Passivent eco ventilation delivers low running and lifetime costs
iPSV (intelligent Passive Stack Ventilation)
Case study looks at why Passivent’s sustainable iPSV (intelligent Passive Stack Ventilation) was chosen to help create Tomorrow’s Garden City, in Letchworth.
The Passivent’s iPSV system, which works solely using natural air movement, chosen by North Hertfordshire Homes, is included in a design resulting from a worldwide competition.
The competition aims:
- generate housing solutions capable of delivering high quality, low cost, environmentally-friendly homes
- achieve at least Level 3 of the Code for Sustainable Homes
’The ideal affordable 21st century house’
Passivent’s innovative iPSV (intelligent Passive Stack Ventilation) delivers low running and lifetime costs and helps house exceeds sustainability criteria.
North Hertfordshire Homes’ project manager Keeley Hale explains.
’We are actually achieving Code Level 4,’ observed North Hertfordshire Homes’ project manager Keeley Hale.
Passivent’s systems were felt to be the best system for the project in achieving the Code level and meeting the competition objectives’.
Passivent worked closely with builders SDC to deliver a ventilation strategy that was also easy to install in the 60 homes, a mix of apartments and houses.
As a result, iPSV has been used in the houses, with Passivent’s iMEV in the apartments.
How does it work?
- Passivent iPSV harnesses natural air principles of convection and the venturi effect to function.
- Internal moisture-laden air rises, and air pressure increases with height, creating suction.
- Internal air is drawn out through roof terminals, and fresh air drawn in through Passivent Energy Saver trickle vents.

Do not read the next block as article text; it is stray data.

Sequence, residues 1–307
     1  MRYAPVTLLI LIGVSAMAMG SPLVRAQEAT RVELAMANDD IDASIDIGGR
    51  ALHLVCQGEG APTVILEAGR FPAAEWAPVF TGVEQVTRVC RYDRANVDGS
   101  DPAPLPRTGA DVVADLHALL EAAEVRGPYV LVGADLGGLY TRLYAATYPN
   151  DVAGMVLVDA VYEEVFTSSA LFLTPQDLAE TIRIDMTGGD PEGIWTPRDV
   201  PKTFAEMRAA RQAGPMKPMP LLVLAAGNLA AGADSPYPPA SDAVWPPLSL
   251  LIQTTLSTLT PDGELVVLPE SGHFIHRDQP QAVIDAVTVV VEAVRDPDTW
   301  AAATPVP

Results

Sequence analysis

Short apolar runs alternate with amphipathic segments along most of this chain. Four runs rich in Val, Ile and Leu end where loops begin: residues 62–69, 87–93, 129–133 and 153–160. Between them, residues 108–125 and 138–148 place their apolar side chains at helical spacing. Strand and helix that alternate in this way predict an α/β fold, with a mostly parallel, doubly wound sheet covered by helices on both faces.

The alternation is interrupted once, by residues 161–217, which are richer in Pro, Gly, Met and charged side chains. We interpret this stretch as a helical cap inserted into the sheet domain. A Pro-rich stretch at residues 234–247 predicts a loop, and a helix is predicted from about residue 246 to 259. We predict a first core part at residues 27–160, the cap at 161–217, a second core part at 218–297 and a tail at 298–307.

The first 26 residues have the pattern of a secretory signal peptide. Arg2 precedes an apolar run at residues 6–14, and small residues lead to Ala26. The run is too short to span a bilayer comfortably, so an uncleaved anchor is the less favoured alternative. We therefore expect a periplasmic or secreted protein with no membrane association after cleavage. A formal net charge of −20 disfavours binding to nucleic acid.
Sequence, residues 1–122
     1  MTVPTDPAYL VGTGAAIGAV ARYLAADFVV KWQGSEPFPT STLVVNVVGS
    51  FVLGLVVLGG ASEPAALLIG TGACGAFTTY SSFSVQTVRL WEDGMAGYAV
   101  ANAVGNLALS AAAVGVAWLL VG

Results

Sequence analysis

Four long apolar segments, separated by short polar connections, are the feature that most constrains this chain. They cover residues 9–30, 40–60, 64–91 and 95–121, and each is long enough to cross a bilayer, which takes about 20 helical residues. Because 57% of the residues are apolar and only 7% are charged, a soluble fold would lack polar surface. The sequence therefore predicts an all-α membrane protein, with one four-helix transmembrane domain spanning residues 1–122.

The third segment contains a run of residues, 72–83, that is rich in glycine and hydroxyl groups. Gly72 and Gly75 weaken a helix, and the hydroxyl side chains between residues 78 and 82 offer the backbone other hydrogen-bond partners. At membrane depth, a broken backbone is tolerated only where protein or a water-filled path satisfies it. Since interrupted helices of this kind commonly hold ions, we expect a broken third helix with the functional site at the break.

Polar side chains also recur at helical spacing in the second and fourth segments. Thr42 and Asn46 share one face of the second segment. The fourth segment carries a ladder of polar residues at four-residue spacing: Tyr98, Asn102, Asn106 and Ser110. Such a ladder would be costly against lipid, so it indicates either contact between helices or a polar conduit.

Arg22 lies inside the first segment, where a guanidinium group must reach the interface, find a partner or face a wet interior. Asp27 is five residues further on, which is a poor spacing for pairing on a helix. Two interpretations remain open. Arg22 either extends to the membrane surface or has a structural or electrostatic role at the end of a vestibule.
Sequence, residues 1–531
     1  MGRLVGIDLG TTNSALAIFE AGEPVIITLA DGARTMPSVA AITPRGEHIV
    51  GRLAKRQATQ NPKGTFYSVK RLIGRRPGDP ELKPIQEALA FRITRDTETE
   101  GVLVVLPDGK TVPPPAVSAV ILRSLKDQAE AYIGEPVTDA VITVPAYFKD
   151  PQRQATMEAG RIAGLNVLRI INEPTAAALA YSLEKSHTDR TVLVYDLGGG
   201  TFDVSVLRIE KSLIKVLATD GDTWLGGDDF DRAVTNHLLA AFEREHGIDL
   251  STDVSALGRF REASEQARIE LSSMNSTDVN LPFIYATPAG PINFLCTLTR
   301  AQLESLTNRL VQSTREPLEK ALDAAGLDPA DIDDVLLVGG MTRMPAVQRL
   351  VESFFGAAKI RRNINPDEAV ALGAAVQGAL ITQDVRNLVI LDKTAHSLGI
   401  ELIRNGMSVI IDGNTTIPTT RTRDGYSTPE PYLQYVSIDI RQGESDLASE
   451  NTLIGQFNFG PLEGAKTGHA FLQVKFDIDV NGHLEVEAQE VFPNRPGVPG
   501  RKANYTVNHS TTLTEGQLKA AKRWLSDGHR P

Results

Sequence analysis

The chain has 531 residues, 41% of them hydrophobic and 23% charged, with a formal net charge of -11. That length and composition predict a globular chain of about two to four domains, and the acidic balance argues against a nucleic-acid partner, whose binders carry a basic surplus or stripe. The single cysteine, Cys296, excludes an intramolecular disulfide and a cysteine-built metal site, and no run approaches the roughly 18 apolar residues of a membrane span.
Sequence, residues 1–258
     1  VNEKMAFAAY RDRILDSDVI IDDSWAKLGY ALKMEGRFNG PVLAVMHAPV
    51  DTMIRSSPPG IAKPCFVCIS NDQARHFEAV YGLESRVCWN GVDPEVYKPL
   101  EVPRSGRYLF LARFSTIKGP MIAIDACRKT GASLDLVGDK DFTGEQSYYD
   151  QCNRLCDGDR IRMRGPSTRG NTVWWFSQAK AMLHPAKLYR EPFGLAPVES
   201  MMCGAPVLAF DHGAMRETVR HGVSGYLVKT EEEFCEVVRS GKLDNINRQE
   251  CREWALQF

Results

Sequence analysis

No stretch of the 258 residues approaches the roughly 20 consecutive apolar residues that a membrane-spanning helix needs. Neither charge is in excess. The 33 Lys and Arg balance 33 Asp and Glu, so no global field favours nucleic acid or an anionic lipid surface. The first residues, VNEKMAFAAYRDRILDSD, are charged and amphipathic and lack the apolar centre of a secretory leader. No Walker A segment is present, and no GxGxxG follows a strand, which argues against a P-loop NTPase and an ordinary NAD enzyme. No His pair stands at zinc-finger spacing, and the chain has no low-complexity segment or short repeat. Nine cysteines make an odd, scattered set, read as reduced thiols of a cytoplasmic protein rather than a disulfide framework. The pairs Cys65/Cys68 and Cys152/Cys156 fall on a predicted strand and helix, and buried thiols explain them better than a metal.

- Humidity sensitive ceiling mounted extracts control the flow of air to the outside according to moisture content, allowing the stale air to ventilate through roof-mounted terminals while minimising the amount of heat loss through over-ventilation.
- As it responds to relative humidity levels within the room, Passivent iPSV ventilates only as, where and when required, optimising heat retention and cutting CO2 emissions whilst eliminating the need for electrical wiring, fans,heat recovery units and switches
- This not only reduces installation costs, but cuts lifetime maintenance expenses for both the system and the building, as there are no mechanical parts to be serviced or replaced.
To minimise penetrations through the roof, and further helping reduce costs, the iPSV stacks are connected in groups of four to individual high capacity terminals.
In the apartments, to ensure adequate ventilation through the longer ducting runs, Passivent iMEV was used, whereby a low wattage fan in the roofspace supplements extraction ensuring the ventilation still complies with Regulatory requirements and the specific project objectives.
Passivent Product Manager Dennis Bates explains, ’Updated Approved Document F1 recognises the performance of PSV even in airtight (0m3/hr/m2) buildings.
’Further, studies by the Institute of Energy and Sustainable Development demonstrate that Passivent’s system provides sufficient ventilation under challenging or non-optimum conditions.
’Even in warmer summer months, when external temperatures are higher and thus the stack effect reduced, Passivent showed the lowest average levels of relative humidity against other ventilation strategies; in ‘wet’ rooms with no external wall or window, Passivent iPSV achieved the required airflow rates, even with an airtightness of 3m3/hr/m2’.
Passivent iPSV is just part of Passivent’s comprehensive range of natural and mechanical ventilation solutions for domestic environments for single person to multi-occupancy properties, plus a range of background window and through-wall ventilation solutions.
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